More Drivers Complying with ‘Move Over’ Highway Safety Laws
I-270 crash highlights importance of expanded regulations, authorities say
Maryland drivers are increasingly following a “Move Over” law in the five years since it was expanded to protect other emergency and service workers stopped on highway shoulders.
State police troopers issued 5,408 citations and 12,107 warnings in 2014, and following the expansion of the law, those numbers fell to 1,349 citations and 5,671 warnings in 2018, state police spokesman Ron Snyder said.
The number of tickets and warnings has declined each year, he said.
“Motorists have definitely gotten the message,” Snyder said.
Montgomery County Police were unable to provide statistics on citations issued by county officers.
Maryland’s law went into effect in 2010 and requires drivers approaching stopped police vehicles to move over a lane if it is available or slow down if the adjacent lane is occupied.
The law was amended in 2014 to include tow trucks, fire department vehicles and medical rescue trucks and expanded again in October to include transportation services and utility vehicles with amber flashing lights.
“It’s really to protect any vehicle that is out there doing work on the road,” Snyder said. “Any time you’re having that much traffic and you put a vehicle out there, parked trying to do their job, it can be dangerous.”
The fine for breaking the law is $110 and one point against the driver’s license. If the violation contributes to a crash, the fine jumps up to $150 and three points. Violations resulting in death or serious bodily injury carry a fine of $750.
A collision last week on Interstate 270 served as a reminder of the dangers along the roadways.
Four troopers from the Rockville state police barrack were on I-270 investigating a suspected impaired driver when another driver struck three police cruisers, which had emergency lights flashing, according to police.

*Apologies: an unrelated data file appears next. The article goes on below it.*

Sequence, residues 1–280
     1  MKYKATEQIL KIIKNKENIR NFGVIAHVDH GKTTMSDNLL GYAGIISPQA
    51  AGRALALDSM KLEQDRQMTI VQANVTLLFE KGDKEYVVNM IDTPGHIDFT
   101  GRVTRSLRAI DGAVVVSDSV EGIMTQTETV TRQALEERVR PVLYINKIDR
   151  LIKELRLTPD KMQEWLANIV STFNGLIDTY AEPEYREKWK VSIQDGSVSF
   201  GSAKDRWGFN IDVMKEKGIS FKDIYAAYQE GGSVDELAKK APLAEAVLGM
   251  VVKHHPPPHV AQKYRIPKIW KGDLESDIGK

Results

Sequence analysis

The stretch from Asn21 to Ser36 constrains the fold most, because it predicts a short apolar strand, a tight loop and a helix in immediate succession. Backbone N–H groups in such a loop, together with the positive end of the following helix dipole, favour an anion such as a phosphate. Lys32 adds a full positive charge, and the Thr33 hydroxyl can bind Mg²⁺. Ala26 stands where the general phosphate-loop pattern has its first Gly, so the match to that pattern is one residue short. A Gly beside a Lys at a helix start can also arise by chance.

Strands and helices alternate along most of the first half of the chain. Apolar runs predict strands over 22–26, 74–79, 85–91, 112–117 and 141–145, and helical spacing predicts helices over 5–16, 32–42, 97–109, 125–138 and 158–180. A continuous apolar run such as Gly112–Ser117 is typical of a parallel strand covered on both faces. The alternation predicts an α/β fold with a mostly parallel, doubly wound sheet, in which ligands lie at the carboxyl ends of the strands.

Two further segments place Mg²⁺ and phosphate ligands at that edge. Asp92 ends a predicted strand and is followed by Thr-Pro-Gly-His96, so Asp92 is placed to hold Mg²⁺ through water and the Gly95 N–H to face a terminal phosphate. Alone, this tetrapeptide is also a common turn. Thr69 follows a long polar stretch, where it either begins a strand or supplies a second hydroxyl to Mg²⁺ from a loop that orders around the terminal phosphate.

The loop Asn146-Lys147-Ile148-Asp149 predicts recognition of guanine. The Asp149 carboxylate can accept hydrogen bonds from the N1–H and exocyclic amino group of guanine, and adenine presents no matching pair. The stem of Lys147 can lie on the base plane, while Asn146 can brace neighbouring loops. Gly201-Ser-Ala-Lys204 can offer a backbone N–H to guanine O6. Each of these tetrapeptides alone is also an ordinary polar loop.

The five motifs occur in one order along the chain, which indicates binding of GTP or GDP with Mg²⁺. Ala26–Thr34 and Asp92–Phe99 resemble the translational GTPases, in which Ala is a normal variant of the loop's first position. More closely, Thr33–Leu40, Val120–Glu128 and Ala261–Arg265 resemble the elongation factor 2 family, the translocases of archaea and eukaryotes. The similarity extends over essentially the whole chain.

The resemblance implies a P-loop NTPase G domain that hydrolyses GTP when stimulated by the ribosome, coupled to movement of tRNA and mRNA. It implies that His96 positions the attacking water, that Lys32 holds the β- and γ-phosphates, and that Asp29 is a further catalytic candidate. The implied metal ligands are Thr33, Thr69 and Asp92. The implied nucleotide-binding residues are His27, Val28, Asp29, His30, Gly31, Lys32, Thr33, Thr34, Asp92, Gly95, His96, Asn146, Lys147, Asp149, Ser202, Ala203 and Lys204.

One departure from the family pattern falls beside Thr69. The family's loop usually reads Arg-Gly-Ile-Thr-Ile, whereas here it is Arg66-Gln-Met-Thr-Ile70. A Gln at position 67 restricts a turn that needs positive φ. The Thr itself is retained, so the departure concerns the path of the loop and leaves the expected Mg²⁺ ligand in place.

None of the troopers were in their vehicles at the time of the collision and none were injured. The driver was cited for failure to yield to an emergency vehicle, negligent driving and failure to obey a traffic control device.
The Montgomery County Fire and Rescue Service has advocated for drivers to move over and be aware of first responders before the state “Move Over” laws were in place, spokesman Pete Piringer said. The department has pushed its “Hear Us, See Us, Clear for Us” message for at least a decade.
“The law is basically what we think is common sense,” Piringer said. “When you see some activity, whether it be emergency lights, tow vehicles, highway trucks or police, fire or EMS, just slow down, move over. It’s obviously a hazard or an emergency, something is going on.”
The fire service typically sends additional units to emergencies on major highways so one vehicle can serve as a “blocker,” Piringer said.
This provides added protection for first responders, as well as those in need of medical attention. The department sends nearly as many units to an emergency on I-270 or the Beltway as it does to a house fire, Piringer said.
“You’ll often see them take up a couple lanes, park sideways, and that’s all to protect our crew,” Piringer said.
AAA Spokesman John Townsend said every state has some sort of “Move Over” law. The District of Columbia was the final area to adopt related laws, with new requirements taking effect this week.
As for the cause of these types of collisions, Townsend pointed to a study done by the Transportation Research Board, a program unit of the National Academy of Sciences, Engineering and Medicine, examining the “Moth Effect.”
“When the lights are flashing on the side of the road, for some strange reason some drivers are so fixated with the flashing lights, so captivated by it, so fascinated by it, that they actually drift into the light,” Townsend said, like moths drawn to a flame.
The researchers concluded in a 2006 Accident Reconstruction Journal entry that while most doubt the existence of the Moth Effect citing a lack of empirical evidence, several recent experimental studies have demonstrated the effect.
Lack of familiarity with the laws in place may be another issue. Townsend cited a national poll sponsored by the National Safety Commission, a safety awareness advocacy group, that found 71 percent of Americans have not heard of “Move Over” laws.
“Despite all of the tickets … there are many drivers that are still perplexed by the law,” Townsend said.